On UV-irradiation of drugs, phototransformation products are formed, which can be just as dangerous in environmental terms as the parent molecules. To predict whether a drug and its phototransformation products are significantly degraded, we must determine the kinetic rate constants. Most publications report first-order kinetics for the degradation of the main pharmaceutical compound (34), but not the chemical kinetics of the photo-induced transformation products. We set out to rectify this omission by determining both the degradation rates and the half-lives of phototransformation products.
Figure 3 (a) shows examples of the c-t curves of azithromycin and their description according to a first-order reaction model. Different pH values lead to different degradation velocities as indicated by the reaction rate constants; for example, azithromycin degraded slower at pH 9 than at pH 3. The c-t curves of three identified phototransformation products are displayed in Figure 3 (b). These curves could result from follow-up (red, green, blue) and subsequent follow-up (red, green, blue) reactions. It’s clear that degradation products are still present when most of the drug has been eliminated. Hence, it will be important to understand their environmental toxicity or adverse effects.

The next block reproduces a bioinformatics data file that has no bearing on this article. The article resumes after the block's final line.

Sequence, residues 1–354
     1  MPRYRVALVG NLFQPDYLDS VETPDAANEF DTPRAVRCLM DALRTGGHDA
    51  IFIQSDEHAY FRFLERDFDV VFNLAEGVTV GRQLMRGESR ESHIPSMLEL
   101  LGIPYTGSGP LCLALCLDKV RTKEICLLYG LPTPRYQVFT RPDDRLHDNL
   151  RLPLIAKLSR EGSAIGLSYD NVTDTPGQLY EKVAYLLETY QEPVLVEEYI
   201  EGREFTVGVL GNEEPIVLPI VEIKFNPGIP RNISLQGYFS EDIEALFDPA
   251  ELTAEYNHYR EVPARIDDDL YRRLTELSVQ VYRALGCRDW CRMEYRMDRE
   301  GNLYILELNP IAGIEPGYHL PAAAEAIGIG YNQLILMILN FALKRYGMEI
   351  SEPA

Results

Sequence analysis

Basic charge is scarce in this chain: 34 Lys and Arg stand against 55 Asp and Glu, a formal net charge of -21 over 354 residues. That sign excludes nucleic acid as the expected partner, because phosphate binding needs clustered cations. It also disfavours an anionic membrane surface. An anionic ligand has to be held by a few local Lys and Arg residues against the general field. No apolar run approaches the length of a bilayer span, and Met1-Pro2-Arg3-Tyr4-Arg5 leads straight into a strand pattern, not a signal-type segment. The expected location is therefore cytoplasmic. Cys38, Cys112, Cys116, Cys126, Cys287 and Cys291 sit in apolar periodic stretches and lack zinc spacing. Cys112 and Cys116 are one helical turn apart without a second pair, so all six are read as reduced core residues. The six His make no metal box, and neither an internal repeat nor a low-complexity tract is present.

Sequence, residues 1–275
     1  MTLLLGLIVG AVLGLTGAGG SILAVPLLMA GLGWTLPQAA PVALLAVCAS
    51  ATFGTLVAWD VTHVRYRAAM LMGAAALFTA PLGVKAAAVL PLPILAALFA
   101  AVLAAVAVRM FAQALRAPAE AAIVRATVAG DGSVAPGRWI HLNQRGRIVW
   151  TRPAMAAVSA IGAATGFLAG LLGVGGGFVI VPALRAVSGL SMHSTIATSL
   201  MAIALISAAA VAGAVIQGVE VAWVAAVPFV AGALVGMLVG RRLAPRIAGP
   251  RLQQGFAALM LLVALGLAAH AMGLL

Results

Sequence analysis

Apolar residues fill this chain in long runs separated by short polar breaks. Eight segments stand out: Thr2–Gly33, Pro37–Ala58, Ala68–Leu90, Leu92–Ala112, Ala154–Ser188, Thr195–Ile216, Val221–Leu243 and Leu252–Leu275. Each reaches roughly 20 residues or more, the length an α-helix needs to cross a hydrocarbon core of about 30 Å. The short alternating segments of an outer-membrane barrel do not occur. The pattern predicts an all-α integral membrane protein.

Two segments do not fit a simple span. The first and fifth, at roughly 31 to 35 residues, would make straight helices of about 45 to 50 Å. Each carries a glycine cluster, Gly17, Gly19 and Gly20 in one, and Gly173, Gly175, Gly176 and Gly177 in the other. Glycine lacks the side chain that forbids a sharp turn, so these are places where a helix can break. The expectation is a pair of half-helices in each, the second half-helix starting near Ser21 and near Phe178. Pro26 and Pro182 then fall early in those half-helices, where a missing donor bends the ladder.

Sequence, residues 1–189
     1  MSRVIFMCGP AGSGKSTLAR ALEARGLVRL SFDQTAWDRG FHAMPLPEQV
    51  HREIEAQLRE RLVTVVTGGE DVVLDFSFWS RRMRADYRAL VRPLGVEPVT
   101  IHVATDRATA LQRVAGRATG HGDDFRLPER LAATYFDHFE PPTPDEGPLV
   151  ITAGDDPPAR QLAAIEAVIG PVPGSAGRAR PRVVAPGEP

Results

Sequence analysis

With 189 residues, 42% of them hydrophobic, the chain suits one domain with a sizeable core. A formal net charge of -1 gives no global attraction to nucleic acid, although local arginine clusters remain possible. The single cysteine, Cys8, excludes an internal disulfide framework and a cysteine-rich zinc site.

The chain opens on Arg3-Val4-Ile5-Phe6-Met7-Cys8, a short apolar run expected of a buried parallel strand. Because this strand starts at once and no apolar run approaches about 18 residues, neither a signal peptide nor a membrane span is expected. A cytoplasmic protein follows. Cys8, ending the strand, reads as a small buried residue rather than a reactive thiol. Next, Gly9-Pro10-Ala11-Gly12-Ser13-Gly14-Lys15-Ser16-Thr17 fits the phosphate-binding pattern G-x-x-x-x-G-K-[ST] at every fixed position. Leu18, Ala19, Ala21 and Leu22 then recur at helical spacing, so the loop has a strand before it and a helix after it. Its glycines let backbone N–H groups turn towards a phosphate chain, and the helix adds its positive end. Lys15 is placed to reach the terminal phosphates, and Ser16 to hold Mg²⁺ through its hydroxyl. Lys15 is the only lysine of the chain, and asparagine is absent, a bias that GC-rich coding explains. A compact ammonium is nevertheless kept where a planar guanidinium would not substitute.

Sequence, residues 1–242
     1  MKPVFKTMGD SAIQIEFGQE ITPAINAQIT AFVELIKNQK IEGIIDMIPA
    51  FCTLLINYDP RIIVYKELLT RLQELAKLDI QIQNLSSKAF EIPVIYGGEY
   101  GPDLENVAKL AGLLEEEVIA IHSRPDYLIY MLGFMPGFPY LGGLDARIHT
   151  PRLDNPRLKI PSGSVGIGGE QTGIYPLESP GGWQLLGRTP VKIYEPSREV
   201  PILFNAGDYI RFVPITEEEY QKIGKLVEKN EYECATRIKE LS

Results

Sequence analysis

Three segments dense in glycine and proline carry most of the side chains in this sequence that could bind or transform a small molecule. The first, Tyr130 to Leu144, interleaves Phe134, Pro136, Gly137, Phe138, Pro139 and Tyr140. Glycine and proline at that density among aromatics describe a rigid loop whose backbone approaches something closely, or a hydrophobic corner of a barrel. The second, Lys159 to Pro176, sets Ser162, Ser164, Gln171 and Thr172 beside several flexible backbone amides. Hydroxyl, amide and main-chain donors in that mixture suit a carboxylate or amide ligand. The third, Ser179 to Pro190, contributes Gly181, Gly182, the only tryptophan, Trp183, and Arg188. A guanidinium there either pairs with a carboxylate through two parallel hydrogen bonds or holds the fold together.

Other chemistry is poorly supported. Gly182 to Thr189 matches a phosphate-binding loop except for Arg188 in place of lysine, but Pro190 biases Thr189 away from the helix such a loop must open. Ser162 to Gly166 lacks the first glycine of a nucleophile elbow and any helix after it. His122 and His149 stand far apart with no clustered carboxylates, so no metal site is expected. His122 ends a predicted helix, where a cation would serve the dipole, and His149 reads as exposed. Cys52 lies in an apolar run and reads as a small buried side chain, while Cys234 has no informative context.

We need to address the issue from several angles. A chemical or photochemical purification step could be added in wastewater treatment plants, but also at individual sources of effluents, such as hospitals. Purification closer to the source would allow better elimination, since the drugs won’t have been diluted through the sewage system. However, economically feasible translation of purification methods into large-scale operations is still a future aspiration. Perhaps most urgently, we need a better understanding of the toxicity of degradation products.
From a more strategic point of view, we must also consider how we might tackle the problem at its source; for example, by using more thoughtful prescription strategies for drugs such as antibiotics in human and veterinary medicine.
Protecting our water system from errant pharmaceuticals represents a significant challenge for science – and analytical chemistry has an essential role to play. Only with a much greater understanding can we decide what steps must be taken and how quickly; to not act is to turn a blind eye to long-term consequences for our home planet.
Melanie Voigt, Anika Gold, Christina Blaesing, Timo Hoelscher and Martin Jaeger are researchers at Niederrhein University of Applied Sciences, Department of Chemistry, Instrumental Analytical Chemistry, Germany.